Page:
Researchers from SEAS (Harvard school of engineering and applied sciences) and the University of beihang have developed an arm robotic inspired by octopuses. He is able to grab, move and manipulate objects.
Featuring a flexible and tapered design, the soft robotic arm is complete with suction cups that allow it a firm grip on objects of all shapes and sizes.
The team at SEAS knows that two-thirds of a polyp's neurons are in its tentacles, meaning each arm literally has its own mind. Marine animals are able to untie knots, open childproof bottles and wrap their prey. If the squid they have a brain comparable to that of a dog, polyps are practically an alien species. "Most previous research on octopus-inspired robots has focused on imitation of suction or arm movement, but not both," he said. said August Domel, a recent Harvard graduate student and co-first author of the paper. "Our research is the first to quantify the tapered angles of the arms and the combined functions of flexion and suction, which allows a single small gripper to be used for a wide range of objects that would otherwise require the use of multiple grippers."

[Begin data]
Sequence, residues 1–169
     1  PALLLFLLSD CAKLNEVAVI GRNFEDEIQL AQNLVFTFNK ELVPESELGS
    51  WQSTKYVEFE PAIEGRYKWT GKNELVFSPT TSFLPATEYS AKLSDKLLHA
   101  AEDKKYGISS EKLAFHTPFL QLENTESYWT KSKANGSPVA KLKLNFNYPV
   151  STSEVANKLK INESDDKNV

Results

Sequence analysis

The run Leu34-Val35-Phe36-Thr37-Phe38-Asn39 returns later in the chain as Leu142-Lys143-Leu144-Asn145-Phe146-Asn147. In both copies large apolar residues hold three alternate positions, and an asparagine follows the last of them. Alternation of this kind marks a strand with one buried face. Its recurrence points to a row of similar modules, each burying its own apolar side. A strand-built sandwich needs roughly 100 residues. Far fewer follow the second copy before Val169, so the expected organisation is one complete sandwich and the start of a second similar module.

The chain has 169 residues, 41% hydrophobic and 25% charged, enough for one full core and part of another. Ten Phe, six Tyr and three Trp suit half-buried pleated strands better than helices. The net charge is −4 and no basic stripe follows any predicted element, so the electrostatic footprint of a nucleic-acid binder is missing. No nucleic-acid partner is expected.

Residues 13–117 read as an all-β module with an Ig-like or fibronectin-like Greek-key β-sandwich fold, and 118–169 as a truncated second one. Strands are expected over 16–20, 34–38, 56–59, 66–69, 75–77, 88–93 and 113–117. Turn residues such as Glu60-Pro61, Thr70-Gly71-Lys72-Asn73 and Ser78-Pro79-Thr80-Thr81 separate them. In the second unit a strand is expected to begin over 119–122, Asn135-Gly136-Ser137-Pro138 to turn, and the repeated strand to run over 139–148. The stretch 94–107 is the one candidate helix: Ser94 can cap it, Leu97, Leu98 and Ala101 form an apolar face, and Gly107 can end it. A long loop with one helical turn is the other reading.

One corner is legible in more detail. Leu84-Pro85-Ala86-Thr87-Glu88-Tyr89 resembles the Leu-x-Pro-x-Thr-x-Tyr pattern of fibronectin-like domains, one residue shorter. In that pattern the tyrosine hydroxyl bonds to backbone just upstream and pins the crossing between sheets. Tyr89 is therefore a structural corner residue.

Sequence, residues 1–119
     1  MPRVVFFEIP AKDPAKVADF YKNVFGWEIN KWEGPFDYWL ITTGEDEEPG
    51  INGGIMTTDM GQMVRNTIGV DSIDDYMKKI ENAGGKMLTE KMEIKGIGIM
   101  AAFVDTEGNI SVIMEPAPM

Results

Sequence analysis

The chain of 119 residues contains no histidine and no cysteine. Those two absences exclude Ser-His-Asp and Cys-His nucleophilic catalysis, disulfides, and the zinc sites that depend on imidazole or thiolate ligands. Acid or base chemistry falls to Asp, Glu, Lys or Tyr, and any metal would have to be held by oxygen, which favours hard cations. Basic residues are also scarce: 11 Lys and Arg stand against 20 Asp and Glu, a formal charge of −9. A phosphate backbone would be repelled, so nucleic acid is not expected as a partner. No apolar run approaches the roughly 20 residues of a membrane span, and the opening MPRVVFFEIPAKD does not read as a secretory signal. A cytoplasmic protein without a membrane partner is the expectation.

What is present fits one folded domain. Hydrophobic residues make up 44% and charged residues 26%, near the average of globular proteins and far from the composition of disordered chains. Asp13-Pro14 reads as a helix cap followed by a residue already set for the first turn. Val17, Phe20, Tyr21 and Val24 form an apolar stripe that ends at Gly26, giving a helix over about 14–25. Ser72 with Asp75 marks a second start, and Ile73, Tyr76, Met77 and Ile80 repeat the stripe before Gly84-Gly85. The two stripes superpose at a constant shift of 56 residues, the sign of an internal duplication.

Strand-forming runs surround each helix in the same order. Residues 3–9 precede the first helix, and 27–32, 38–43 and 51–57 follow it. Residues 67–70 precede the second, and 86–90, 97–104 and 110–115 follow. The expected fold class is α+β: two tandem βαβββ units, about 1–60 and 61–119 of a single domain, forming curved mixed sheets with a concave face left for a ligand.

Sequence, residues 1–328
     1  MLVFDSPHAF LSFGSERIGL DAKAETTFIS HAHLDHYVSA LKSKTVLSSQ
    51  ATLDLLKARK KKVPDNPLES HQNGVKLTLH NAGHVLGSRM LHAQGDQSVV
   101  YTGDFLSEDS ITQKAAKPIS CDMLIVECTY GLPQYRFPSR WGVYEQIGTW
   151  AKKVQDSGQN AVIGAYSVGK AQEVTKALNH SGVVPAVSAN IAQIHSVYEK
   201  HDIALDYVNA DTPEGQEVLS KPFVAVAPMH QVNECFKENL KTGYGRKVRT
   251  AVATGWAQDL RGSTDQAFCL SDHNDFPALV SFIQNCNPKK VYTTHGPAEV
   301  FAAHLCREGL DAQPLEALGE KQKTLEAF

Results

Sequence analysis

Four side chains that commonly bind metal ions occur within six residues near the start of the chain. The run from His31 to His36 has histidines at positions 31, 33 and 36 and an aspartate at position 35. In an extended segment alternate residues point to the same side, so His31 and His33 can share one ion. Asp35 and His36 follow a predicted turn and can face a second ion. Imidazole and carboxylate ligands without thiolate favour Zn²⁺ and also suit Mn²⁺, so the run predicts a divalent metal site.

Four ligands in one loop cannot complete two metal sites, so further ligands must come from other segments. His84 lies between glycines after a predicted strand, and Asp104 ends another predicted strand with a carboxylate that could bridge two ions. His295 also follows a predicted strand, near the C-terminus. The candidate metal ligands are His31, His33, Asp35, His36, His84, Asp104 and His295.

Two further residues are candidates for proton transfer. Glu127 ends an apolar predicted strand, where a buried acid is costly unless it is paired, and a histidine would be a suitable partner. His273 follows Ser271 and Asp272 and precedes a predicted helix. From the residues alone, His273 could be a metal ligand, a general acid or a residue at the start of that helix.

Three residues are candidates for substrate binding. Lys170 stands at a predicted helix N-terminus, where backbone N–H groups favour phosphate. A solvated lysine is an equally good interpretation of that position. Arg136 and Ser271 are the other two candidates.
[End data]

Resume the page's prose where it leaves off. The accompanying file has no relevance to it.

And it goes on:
It looks like a real tentacle
The soft robotic arm inspired by the octopus mimics the tapered angle of a real tentacle and is designed to fold and grasp objects. "We mimicked the general structure and distribution of these suction cups for our soft actuators", stated the first author Zhexin Xie, PhD student at Beihang University. "Although our design is much simpler than its biological counterpart, these biomimetic vacuums can attach themselves to almost any object."
To control the soft robotic arm, scientists use two valves; one for applying pressure to bend the arm and one for a vacuum that engages the suction cups. By changing the pressure and vacuum, the arm can attach itself to an object, wrap it, carry it and release it.
"Not only do the results of our study provide new insights into creating next-generation robotic actuators, but they also contribute to our understanding of the functional significance of tentacles," he declared Katia bertoldi, professor of applied mechanics at SEAS and senior co-author of the study.